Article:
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Bike Share Fever: Citi Bike Rides Pass the Quarter-Million Mark

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Sam Levin
700,000 miles. That's the lengthy equivalent of about 280,000 Central Parks. Or a little more than 50,000 Manhattans from the bottom up. It's also the amount of miles CitiBike users--who have now clocked in over 250,000 rides--have covered in three weeks' time.

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The Green Cab Invasion: Court Upholds Outer Borough Hail Plan

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Wikimedia Commons
It's two o'clock in the morning on a Saturday night in Astoria. You've just left the bar with your friends and, because of the way the world works, the N/R/Q trains are running every hour and you just missed it. You try to hail a cab back to East Williamsburg, but to no avail, since, you know, you're in Queens, where cabs are an endangered species. This is the plight of thousands every night in the outer boroughs and, as of yesterday, it will end very soon.

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A Look at How Citi Bikes Will Affect Local Bike Shops

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Sam Levin
Unless you've been wasting away inside the past week and a half, snuggling with your A/C and bingeing on the new season of Arrested Development, you've seen the lines and lines of metallic blue Citi Bikes stationed across New York City, begging, as the slogan goes, you to hop on and "explore your city." With point-counterpoints and usage mounting, the rollout of the program has become a metropolitan talking point. Except little room has been left to discuss the battle between bike share and bike shop.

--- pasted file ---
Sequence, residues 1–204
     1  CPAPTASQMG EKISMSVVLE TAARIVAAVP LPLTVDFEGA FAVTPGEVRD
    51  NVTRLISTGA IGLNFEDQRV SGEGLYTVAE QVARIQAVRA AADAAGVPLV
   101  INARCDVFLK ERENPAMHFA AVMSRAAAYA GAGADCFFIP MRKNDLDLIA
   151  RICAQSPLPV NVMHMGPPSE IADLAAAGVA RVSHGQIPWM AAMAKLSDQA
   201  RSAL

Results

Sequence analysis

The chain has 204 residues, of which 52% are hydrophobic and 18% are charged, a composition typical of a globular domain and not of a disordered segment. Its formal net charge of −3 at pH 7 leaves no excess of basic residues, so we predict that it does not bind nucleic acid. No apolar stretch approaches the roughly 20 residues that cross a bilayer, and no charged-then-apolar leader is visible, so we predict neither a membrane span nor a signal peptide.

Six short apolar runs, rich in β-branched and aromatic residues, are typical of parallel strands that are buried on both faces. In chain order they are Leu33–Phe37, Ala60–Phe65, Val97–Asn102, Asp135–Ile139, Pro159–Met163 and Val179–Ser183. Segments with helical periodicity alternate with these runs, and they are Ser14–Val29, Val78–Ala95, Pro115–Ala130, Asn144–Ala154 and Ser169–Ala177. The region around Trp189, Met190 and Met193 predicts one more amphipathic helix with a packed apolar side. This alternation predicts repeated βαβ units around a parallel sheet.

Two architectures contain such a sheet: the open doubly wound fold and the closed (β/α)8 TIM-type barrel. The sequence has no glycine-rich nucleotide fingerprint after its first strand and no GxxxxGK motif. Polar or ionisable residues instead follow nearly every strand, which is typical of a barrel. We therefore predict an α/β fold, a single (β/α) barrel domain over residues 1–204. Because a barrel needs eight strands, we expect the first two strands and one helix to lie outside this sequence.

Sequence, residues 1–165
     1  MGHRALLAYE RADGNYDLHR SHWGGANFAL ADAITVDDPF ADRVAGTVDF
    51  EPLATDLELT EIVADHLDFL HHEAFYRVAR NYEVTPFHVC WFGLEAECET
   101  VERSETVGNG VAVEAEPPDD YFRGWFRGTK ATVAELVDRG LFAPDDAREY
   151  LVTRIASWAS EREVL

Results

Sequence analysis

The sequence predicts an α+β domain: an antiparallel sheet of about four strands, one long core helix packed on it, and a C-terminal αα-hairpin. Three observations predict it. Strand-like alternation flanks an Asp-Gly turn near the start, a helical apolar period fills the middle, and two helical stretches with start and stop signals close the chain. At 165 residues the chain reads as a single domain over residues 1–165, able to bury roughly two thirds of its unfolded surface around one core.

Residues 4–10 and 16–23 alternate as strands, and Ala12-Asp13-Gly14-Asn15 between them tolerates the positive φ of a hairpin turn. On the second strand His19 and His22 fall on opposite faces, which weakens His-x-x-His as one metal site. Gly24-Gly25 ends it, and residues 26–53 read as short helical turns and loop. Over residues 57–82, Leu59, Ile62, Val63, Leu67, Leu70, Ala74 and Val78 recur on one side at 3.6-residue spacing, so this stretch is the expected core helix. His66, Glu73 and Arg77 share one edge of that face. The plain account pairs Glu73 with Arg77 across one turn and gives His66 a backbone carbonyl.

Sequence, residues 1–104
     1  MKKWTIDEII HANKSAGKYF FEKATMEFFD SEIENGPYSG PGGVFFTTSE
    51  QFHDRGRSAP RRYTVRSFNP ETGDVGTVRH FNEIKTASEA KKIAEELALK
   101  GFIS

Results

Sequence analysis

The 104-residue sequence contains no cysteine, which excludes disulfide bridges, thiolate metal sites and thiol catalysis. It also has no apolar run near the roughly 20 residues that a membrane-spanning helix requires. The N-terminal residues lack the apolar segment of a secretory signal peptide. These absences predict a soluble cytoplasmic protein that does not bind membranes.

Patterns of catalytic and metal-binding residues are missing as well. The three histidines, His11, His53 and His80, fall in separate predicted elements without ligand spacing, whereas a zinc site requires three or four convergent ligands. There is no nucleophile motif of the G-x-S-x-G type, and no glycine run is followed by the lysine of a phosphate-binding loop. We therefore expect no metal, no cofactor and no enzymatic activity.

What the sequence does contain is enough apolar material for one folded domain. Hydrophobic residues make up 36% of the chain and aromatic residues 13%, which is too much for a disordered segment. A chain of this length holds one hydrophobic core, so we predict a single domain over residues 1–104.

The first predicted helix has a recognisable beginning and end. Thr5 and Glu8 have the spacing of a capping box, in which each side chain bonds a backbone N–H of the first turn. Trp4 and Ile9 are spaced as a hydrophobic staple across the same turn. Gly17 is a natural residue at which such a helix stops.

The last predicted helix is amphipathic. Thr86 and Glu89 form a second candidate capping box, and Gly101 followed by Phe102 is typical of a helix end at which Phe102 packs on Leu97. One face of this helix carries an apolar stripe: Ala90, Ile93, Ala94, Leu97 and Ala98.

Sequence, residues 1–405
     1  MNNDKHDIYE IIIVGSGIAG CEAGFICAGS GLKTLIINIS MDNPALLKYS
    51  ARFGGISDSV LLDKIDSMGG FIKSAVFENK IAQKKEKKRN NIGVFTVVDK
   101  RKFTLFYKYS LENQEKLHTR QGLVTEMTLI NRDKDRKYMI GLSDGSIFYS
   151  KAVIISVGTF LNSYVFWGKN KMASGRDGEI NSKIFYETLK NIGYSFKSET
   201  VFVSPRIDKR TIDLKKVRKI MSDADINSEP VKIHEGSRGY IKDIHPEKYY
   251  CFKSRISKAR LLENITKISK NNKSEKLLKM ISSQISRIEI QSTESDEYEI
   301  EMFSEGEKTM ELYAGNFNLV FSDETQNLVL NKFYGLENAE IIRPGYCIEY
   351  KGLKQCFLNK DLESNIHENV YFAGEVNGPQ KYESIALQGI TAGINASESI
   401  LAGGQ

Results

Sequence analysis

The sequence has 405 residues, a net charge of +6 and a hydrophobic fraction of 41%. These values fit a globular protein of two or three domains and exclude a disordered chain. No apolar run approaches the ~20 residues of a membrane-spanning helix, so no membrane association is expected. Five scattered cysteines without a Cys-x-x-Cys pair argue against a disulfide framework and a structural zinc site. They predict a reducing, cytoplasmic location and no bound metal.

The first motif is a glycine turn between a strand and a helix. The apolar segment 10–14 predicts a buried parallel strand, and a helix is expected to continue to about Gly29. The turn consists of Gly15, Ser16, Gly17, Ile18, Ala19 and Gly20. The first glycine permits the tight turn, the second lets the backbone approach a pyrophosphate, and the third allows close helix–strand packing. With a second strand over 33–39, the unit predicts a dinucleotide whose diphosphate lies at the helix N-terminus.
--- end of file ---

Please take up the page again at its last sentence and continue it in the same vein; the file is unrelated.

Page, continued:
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It's Finally Time to Start Fixing the R Train After Sandy... For Over a Year (UPDATED)

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Second maybe to the A train in the Rockaways, the damage wrecked by Hurricane Sandy to the Montague Tunnel was devastating: The underground tunnel beneath the Brooklyn Bridge witnessed the worst flooding of any line in the city, leaving the R train out of commission for nearly a month and a half after the storm made landfall. And, now, a little over six months later, the MTA has begun repairs.

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Christine Quinn Wants to Save the Streets From Themselves

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Between 2009 and 2011, approximately 450 people died crossing the street in New York City. Whether to reckless driving, not looking both ways, or sheer confusion, the city lost 450 residents. And that's not counting bicycle fatalities. Needless to say, like subway deaths, it's become a problem that demands fixing ASAP, especially with the advent of CitiBike next weekend.

Enter Christine Quinn.

In a statement released yesterday, the City Council speaker and mayoral frontrunner laid out her platform on the issue of ground-level urban planning. Her goal is straightforward: By 2021, Quinn wants to cut New York City's street fatalities in half.